How To Be Culturally Ready for Social

Marc Monseau

Marc Monseau

Every day we are reminded of how digital communications platforms, including social networks, have changed how people interact with each other and how they expect companies to interact with them.

Success, as study after study has shown, depends on whether companies not only understand these trends, but also how to effectively use different digital platforms.

One such study, titled “The Economics of the Socially Engaged Enterprise,” compiled by the Economist Intelligence unit and PulsePoint Group, found companies that fully embrace social engagement are experiencing four times greater positive business results than those that are less engaged.

Yet ensuring companies not only know what needs to be done, but are culturally ready to support digital communications, isn’t easy.

PR professionals have a unique skill set, from experience with stakeholder relationship management to internal and external communications, that can not only help organizations find their digital footing, but also to make the cultural changes needed to keep them one step ahead of the competition.

In all of this, you, as a PR professional, can play a key role. Drawing upon experiences in coordinating strategic communications, you can help ensure consistency across multiple external touchpoints.

Through a blend of education and the execution of proof-of-principle concepts, you can also create cultural readiness.

There are many different tactics that you can use to accomplish this, but below are six key approaches to consider:

 Gain senior management support: You can (and should) help your leadership team become more digitally savvy to better understand the impact these technologies have on society and your industry. Consider providing regular digital updates at executive leadership meetings or holding an immersion day that brings outside thinking into your organization to provide insights into how technology is being used to build and expand businesses.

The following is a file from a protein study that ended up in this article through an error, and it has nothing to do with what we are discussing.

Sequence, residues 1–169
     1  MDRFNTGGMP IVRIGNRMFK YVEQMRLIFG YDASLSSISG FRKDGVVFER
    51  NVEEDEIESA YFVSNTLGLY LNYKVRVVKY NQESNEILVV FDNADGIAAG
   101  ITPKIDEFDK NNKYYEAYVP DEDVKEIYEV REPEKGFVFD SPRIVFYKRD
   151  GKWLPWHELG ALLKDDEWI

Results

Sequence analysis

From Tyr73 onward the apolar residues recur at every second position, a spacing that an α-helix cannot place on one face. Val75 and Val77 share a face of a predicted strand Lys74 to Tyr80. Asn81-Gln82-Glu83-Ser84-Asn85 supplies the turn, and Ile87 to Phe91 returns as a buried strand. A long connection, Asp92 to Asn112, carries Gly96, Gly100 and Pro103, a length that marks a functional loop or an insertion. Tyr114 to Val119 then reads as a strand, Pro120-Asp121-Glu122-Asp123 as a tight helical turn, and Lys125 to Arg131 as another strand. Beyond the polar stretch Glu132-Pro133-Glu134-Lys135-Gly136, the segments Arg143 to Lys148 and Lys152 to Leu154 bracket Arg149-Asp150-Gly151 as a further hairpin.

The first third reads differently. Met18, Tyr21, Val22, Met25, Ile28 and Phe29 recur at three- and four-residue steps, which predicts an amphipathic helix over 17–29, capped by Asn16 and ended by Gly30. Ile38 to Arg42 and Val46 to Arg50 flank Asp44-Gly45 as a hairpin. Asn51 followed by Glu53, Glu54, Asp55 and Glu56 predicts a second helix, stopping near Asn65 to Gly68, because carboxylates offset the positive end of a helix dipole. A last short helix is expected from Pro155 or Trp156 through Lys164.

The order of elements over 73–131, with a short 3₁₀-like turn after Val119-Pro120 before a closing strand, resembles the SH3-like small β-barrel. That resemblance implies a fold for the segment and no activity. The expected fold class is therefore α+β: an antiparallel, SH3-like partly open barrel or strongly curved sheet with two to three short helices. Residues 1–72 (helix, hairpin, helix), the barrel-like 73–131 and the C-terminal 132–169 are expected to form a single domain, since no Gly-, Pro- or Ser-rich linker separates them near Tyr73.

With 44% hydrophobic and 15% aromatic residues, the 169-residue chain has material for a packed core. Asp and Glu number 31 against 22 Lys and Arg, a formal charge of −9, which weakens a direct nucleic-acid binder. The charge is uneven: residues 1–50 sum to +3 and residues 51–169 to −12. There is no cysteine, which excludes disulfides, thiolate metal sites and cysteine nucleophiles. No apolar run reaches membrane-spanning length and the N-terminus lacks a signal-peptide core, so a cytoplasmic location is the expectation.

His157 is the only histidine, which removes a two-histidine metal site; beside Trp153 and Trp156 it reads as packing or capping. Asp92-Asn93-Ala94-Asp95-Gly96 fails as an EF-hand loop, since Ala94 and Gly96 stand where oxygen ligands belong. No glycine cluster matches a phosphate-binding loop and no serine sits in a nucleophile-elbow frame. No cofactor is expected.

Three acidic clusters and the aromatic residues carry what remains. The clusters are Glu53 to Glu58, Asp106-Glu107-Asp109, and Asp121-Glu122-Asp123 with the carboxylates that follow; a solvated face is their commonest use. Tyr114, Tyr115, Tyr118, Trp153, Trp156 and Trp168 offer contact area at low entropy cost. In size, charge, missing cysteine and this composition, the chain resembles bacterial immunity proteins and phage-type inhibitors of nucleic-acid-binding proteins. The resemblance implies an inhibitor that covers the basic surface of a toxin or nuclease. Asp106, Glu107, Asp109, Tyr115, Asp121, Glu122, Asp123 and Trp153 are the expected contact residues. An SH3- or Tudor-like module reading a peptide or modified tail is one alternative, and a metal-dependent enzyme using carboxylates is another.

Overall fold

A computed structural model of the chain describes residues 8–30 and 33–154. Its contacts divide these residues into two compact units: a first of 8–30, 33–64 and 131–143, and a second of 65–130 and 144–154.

Befriend Legal: Having worked with different regulated companies, I’ve found that legal and regulatory are often unfairly blamed for the lack of innovative communications. Rather than view legal as a hurdle, you should partner with your legal colleagues.

Create policies and procedures: For many companies, and, in particular, regulated industries, established policies may limit the ability to communicate using social and digital channels. Benchmark with other companies to understand their approaches and to get a clear idea of what has triggered regulatory action in the past.

Raise Awareness of Your Social Presence: Track and monitor the conversation about your business, creating reports covering the volume, sentiment and topics covered. Share these reports with the key internal stakeholders to help them understand what is being said and how those conversations impact your organization.

Demonstrate Value: Take on a small project that you can control that has a meaningful business objective and where the results can be measured. As the project evolves, share the results with internal stakeholders to help them better understand the value that such projects can have to the organization. Celebrate success broadly with your internal audiences to encourage others.

Create a Sandbox for Experimentation: Establish a safe place where employees can use and experiment with social media tools to support the business. For instance, there are a variety of collaboration tools that can be used to solicit new ideas from employees. By employing such tools, you can help raise the organizational readiness of your company by demonstrating how social technologies can help make the business more efficient.

These are just a few of the things that you, as a PR professional, can execute within your organization to help them become culturally ready to be more socially-engaged. By drawing upon experience in internal and external communications, stakeholder management and a knowledge of new communications trends, you can help lead the charge to effectively compete in the new online relationship-driven world. PR


Marc Monseau is managing partners of mintcollective and former director of corporate communications and social media at Johnson & Johnson, @mdmonseau.



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About Marc Monseau

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